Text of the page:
Drake has a white baby mama, and it matters

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Drake was just the man about a week ago. He was the Canadian that could do no wrong—especially when it came to black women. He seemed to be the only major figure in rap that would consistently praise black women in his music. Remember his line from the 2011 hit Make me Proud: “Like you went to Yale but you probably went to Howard Knowin’ you.” The song is about women who accomplish major goals but don’t get the recognition that they deserve from men. What this line does is it makes the song solely about black women considering the fact that Howard is an historically black college. Drake has kept this same energy (publicly at least) through his last video for “Nice for What” where he has cameos from almost every single black woman making power moves in Hollywood right now and Olivia Wilde, which is kind of weird but you get the point.

He’s also been linked to romantic relationships with Serena Williams, Rihanna, and dancer Miliah Michel. All of this seems to confirm his devotion to black women. That is until Pusha T exposed him for having a child with soft porn actress Sophie Brussaux who I’m sure is a very nice girl but, to be frank, she’s white. And you know what? It matters. Now I personally am not opposed to interracial love. It’s all good. I mean that’s how light skinned black folks were created and I have plenty of light skinned friends. More importantly if it were not for fair skinned groups like DeBarge and light skinned athletes like Steph Curry and Clay Thompson my childhood would have no soundtrack and the Warriors would have never won a championship—but I digress. The point is that for Drake his impregnation of a white lady matters because he has made an entire career out of uplifting black women in a genre of music that has amassed a fortune by degrading them over dope beats. It matters because Drake is wealthy enough to choose any woman that he wants but he always seems to choose the sistas, and sistas rocked with Drake, and downloaded his music, and filled his concerts and went through great lengths to see him in person (see season 2 Ep7 of Atlanta). Now it seems as though it could have all been a front.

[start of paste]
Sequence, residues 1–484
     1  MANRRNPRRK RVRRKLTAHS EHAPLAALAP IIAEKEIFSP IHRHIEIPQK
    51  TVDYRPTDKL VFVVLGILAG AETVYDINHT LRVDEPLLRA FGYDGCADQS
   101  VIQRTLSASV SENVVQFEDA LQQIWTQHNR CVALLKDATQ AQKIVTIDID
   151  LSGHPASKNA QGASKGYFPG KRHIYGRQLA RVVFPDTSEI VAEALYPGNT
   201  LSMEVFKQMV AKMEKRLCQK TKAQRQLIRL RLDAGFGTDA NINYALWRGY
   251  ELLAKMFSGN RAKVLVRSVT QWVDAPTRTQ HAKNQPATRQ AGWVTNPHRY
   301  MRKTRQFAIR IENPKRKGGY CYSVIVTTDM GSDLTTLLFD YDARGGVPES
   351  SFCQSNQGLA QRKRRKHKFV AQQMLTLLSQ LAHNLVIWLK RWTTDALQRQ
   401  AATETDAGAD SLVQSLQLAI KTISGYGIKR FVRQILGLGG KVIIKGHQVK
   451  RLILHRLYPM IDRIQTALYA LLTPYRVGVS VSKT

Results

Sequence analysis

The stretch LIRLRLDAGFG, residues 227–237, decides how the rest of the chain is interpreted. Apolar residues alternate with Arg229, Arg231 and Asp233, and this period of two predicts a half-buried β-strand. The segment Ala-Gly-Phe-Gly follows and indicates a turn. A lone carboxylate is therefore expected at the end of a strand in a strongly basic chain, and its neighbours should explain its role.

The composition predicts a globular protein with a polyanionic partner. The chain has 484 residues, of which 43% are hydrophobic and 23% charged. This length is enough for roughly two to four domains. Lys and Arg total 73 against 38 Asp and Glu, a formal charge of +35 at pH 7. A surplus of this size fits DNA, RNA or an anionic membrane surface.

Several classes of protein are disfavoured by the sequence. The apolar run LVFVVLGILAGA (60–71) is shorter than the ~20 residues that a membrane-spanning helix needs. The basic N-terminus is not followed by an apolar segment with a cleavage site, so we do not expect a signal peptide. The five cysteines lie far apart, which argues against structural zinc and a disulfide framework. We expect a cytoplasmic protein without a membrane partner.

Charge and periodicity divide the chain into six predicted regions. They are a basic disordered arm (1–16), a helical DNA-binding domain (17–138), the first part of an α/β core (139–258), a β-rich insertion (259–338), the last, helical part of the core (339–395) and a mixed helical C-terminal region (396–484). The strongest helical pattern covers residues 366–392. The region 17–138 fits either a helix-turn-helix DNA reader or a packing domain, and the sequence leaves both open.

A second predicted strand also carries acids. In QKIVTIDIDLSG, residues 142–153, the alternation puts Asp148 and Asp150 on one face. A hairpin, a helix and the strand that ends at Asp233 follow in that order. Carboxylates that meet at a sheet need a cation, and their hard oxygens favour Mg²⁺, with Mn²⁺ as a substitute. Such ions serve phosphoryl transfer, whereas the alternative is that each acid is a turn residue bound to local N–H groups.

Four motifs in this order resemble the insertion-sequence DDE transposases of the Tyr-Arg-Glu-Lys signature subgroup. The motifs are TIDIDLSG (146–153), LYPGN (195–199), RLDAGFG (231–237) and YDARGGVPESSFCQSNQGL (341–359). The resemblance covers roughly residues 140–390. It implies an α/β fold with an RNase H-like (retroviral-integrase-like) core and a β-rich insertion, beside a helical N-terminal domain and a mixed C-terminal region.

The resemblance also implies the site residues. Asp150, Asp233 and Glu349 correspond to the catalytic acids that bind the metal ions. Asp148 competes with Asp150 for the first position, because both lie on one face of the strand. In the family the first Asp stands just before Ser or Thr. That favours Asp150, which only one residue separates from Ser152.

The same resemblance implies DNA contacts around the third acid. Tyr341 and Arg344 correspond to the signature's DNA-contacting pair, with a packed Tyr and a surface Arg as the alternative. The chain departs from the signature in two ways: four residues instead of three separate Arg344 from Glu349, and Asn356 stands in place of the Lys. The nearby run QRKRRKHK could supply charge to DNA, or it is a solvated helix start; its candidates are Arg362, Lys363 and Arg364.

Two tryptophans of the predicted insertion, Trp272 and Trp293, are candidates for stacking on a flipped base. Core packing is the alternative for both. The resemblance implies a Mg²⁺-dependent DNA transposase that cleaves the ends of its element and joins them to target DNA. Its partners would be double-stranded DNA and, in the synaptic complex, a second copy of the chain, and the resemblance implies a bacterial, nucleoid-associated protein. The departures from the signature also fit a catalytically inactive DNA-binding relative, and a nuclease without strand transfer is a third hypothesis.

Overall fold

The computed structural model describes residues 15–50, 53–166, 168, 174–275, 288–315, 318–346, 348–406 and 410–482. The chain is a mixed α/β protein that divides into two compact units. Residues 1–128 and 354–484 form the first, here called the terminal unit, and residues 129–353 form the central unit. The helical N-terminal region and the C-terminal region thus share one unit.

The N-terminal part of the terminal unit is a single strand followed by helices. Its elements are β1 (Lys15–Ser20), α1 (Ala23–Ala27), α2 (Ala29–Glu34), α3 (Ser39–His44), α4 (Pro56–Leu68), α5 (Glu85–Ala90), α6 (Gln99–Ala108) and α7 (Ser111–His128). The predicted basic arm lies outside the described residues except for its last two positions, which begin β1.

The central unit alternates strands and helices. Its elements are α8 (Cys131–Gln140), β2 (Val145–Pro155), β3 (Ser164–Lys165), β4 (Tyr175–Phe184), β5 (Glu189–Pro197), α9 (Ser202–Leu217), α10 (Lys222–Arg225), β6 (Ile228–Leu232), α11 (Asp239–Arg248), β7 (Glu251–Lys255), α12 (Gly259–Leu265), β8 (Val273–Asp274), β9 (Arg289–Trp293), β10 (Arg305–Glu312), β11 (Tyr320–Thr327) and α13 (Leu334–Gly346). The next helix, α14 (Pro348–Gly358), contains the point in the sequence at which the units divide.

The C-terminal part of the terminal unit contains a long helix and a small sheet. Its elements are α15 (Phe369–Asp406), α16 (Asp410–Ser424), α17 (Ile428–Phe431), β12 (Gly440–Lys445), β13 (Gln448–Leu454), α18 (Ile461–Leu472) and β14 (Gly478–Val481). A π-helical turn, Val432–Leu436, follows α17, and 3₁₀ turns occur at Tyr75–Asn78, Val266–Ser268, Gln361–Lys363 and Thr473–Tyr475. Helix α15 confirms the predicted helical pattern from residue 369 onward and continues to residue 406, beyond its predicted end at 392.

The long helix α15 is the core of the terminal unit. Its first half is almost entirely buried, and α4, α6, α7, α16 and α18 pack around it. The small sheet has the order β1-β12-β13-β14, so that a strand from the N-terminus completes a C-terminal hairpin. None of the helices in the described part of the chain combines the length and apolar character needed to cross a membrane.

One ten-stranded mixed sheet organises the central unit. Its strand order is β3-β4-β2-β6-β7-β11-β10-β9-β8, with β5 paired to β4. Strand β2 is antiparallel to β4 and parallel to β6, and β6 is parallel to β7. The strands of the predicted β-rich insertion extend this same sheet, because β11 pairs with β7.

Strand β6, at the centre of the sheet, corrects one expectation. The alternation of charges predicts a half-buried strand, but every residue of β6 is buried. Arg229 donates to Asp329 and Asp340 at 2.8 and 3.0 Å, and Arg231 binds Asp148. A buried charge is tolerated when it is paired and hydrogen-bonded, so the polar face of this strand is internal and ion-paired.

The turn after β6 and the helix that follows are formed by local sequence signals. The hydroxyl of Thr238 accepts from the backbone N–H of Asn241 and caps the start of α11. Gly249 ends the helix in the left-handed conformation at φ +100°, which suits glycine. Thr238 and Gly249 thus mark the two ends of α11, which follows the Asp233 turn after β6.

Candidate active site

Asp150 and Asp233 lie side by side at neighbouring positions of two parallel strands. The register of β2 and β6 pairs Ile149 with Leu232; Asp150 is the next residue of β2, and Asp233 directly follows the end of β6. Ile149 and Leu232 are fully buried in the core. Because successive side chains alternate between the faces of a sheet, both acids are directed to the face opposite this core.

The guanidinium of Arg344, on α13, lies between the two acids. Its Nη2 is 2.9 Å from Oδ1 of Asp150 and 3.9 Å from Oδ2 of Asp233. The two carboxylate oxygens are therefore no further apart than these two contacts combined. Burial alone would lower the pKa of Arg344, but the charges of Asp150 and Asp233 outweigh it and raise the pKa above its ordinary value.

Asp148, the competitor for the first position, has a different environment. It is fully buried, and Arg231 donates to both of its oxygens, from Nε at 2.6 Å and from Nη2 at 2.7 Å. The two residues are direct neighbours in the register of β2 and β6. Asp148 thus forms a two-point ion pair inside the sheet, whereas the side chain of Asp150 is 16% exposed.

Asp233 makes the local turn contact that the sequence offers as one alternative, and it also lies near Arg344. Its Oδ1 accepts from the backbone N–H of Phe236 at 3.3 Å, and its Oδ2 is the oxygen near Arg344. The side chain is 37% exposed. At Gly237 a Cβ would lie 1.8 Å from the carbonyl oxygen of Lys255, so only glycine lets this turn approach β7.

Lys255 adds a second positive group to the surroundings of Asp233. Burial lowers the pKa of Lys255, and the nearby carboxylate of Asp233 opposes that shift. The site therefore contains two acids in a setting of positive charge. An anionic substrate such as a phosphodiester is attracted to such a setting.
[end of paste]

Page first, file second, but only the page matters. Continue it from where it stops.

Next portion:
Another reason that Drake’s vanilla love matters is because it matters to black women. I don’t care how educated and free thinking a black woman is if she sees a handsome, successful black man with a blonde haired white woman then it will bother her to her very core. Facts! I have an aunt who had children with a no-good man. He abused drugs, she forgave him. He went to prison; she wrote him every day. He had an outside child, she reasoned that her father had done the same thing to her mother so they worked through it. He beat her, they separated but got back together. She caught him creeping around with a white woman, RELATIONSHIP OVER! Within hours all of his clothes were on the porch. That’s just the way I was raised. If you get caught fooling around with a white woman, the consequences can be severe. In many cases this can be an unforgivable crime in the world of black women.

 

So, where does this leave Mr. Champagne Papi? Only time will tell if his music is powerful enough to give him a pardon but let’s not act like his core fan base isn’t devastated right now because something like this matters and it matters a lot. It just does.